Prioritizing Savings

Do you prioritize savings? If you are a millionaire, there is a good chance that you do. According to the author of the book The Millionaire Next Door, people who become millionaires tend to live well below there means by spending only 80% of their income. The other 20% is saved and invested. Many people want to save and intuitively know that they should save more. They might even plan to put whatever is left over at the end of the month into savings. Their monthly flow of money looks something like this:

present-oriented-flow-of-money

present-oriented-flow-of-money

I call this the present-oriented flow of money. This plan rarely works because there usually isn't anything left over to save. The reality often turns out to be more like this:

Actual-present-oriented-flow-of-money

Actual-present-oriented-flow-of-money

The wealthy mentioned above "pay themselves first". Before they pay the grocer, or the bank, or the department store, they pay themselves a set percentage of their income. There flow of money looks like this:

future-oriented-flow-of-money

future-oriented-flow-of-money

Religious people are taught to add one more bucket to their flow of money. That bucket is charity. L. Tom Perry, said:

After paying your tithing of 10 percent to the Lord, you pay yourself a predetermined amount directly into savings. That leaves you a balance of your income to budget for taxes, food, clothing, shelter, transportation, etc. It is amazing to me that so many people work all of their lives for the grocer, the landlord, the power company, the automobile salesman, and the bank and yet think so little of their own efforts that they pay themselves nothing.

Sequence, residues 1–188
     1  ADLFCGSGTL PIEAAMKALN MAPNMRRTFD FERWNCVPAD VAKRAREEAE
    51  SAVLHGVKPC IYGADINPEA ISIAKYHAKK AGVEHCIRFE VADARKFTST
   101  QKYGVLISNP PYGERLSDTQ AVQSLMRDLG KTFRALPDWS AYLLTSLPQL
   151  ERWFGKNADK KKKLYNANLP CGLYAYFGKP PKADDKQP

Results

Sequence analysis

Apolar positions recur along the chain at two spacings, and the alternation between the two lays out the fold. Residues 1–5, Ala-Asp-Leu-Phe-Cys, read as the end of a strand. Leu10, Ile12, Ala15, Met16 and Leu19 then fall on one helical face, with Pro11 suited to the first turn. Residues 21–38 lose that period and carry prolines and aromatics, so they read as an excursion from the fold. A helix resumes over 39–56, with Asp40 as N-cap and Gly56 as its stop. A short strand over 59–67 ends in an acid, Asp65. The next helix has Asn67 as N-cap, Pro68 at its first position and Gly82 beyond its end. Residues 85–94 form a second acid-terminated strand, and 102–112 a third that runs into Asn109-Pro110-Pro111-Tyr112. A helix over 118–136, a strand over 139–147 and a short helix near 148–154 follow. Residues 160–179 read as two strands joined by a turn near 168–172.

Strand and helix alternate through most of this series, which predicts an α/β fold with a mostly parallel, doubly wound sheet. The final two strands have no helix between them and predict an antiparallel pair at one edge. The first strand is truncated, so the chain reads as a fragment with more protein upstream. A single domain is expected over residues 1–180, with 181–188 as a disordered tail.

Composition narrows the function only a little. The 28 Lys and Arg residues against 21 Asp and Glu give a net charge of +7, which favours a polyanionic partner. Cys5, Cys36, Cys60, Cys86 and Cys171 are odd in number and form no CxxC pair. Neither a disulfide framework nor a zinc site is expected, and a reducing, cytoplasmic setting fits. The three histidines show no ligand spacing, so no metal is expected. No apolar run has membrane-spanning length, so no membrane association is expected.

A religious future-oriented flow of money looks like this:

religious-future-oriented-flow-of-money

religious-future-oriented-flow-of-money

There are religious and secular reasons to give to charity. A study done by the economist Arthur Brooks found that after accounting for variables, those who give to charity tend to make more money as a result of their giving. In other words, if you take two people that have the same religion, income, career, and education and track them over time, the one that gives to charity actually makes about $14,000 more on average than the non-giver. I will write more about charity in the future.

In conclusion, it is more difficult to save when expenses take priority over financial goals. Saving only seems to work if you get into the habit of paying yourself before your other expenses. So follow the example of the wealthy and start saving today.